What is the purpose of literary criticism? Among other things, to guide the reader past his or her resistance. Most art, subtly or aggressively, resists the familiar. Poetry in particular suffers from this resistance, because poets take the material that we depend on to operate in and make sense of the world (language), and bend it to other, often seemingly obscure, purposes.”

Bill Knott (in response to Zapruder)

“‘What is the purpose of literary criticism? Among other things, to guide the reader past his or her resistance.’ —hoo boy, what arrogance—the “reader” doesn’t need a guide; most readers are intelligent enough to find the poets they need to read without being led by the nose by critics—Hillman’s and Armantrout’s readers for example, all 800 of them, and Mary Oliver’s readers, all 80 thousand of them—this kind of arrogant condescending Zapruderism is what drives so many potential readers away from poetry: fortunately there are counteractive patrons of poetry, Garrison Keillor for one example, who bring accessible poetry to a wider audience—Zapruder is an elitest promoting elitest poetry, but who knows, if he works at it he might increase its audience to 801.”

Ted Kooser

“We’ve become accustomed to being confronted by poems that confuse, baffle, embarrass, and initimate us, and for a lot of people, reading poetry is a dreadful experience, that is, an experience full of dread. As poets we need to think about breaking down reader resistance…”

Reginald Shepherd

“Many years ago, I sat in on a class of Ted Kooser’s in which he asserted that a reader wants to be led by the hand through a poem, that readers have no patience with being baffled, no tolerance for mystery. I had to interject that I hated to be led by the hand through a poem. I’d rather that the poet assume that I can make my own way through a poem, though I do prefer that there at least be pathways, even if they’re not paved and lit. I don’t object to being baffled, though I also don’t want to remain in bafflement indefinitely. Just as mystery can be part of a person’s allure, so mystery in poetry can be a lure: Yeats calls this ‘the fascination of what’s difficult.'”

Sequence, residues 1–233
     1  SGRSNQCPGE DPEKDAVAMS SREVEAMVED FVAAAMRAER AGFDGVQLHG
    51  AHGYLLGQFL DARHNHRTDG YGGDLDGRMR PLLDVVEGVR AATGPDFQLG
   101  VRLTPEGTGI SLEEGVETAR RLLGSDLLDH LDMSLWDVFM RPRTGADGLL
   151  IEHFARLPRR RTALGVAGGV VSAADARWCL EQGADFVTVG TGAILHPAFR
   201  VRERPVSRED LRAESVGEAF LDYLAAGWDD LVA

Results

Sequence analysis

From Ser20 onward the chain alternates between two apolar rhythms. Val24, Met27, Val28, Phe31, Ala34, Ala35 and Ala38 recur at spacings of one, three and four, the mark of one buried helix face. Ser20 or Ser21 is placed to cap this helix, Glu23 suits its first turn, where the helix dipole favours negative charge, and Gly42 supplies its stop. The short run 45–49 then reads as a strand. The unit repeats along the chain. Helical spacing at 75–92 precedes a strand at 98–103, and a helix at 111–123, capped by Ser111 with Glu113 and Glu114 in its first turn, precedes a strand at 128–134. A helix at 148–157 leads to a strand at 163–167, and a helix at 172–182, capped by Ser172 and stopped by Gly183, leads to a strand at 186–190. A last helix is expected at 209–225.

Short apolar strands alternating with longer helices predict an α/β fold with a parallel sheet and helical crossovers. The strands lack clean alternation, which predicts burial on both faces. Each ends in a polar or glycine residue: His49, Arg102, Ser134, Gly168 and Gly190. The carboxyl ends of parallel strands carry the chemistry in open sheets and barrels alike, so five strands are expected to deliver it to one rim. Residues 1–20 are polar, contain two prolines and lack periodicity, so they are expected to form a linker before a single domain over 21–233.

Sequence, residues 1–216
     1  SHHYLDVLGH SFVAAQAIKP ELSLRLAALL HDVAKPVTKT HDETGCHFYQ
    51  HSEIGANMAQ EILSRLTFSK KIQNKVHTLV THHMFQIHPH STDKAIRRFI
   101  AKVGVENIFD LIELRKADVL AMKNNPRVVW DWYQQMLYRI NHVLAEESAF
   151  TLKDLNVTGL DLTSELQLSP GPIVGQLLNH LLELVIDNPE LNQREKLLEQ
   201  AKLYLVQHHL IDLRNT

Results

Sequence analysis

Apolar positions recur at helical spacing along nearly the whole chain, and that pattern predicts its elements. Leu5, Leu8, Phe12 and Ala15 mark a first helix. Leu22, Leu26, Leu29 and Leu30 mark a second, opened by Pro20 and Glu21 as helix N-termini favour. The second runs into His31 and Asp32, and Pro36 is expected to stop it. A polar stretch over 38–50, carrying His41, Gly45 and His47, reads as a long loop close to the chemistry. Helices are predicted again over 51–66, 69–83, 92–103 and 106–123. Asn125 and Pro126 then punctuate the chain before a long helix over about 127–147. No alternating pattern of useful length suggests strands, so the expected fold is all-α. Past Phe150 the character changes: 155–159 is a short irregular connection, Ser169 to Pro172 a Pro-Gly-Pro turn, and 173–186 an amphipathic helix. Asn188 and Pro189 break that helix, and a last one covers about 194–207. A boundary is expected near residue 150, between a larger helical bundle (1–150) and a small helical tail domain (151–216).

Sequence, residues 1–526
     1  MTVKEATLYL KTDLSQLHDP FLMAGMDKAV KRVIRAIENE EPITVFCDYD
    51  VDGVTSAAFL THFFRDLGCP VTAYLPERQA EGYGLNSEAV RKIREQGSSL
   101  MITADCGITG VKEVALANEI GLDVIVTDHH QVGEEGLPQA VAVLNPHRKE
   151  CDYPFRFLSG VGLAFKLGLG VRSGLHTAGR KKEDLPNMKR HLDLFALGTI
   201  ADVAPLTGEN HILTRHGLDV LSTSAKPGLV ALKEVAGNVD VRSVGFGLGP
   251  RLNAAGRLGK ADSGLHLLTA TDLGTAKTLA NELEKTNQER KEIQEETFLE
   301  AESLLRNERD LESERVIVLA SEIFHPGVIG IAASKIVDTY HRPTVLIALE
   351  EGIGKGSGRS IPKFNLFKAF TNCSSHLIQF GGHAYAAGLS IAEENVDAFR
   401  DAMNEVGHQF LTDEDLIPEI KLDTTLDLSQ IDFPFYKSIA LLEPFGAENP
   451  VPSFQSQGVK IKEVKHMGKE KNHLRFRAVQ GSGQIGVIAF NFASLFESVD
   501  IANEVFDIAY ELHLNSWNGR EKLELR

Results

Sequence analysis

Steve Kowit

“[Reginald] Shepherd … rejects any poetry that makes so much as a grain of sense, for such poetry, according to him, refuses to ‘honor language,’ something that is done, apparently, by treating it as an end in itself. Shepherd wants a poetry of ‘strangeness and opacity,’ one that exhibits a ‘resistance to communication….

Let us, by all means, have a poetry of the most incandescent verbal pyrotechnics, of the most restlessly experimental and original design. Let us have poems that astonish the reader at every turn. Let our poets attend to making it new with nearly as much fervor as they attend to making it true. But on those occasions when we fail to communicate, let us no longer imagine we have succeeded at something larger and grander. Let us not blame our failures on the intellectual poverty of our readers, or on their inability to register complex ambiguities, or on their irritable reaching after fact…. Let us no longer be gulled into imagining that rhetorical sophistication and verbal panache in the absence of genuine, communicated perception can create a poetry that is genuinely complex, textured, multilayered, exploratory, intuitive and profoundly insightful, a poetry worth careful study. They create, rather, poems that are hardly worth reading through once. ”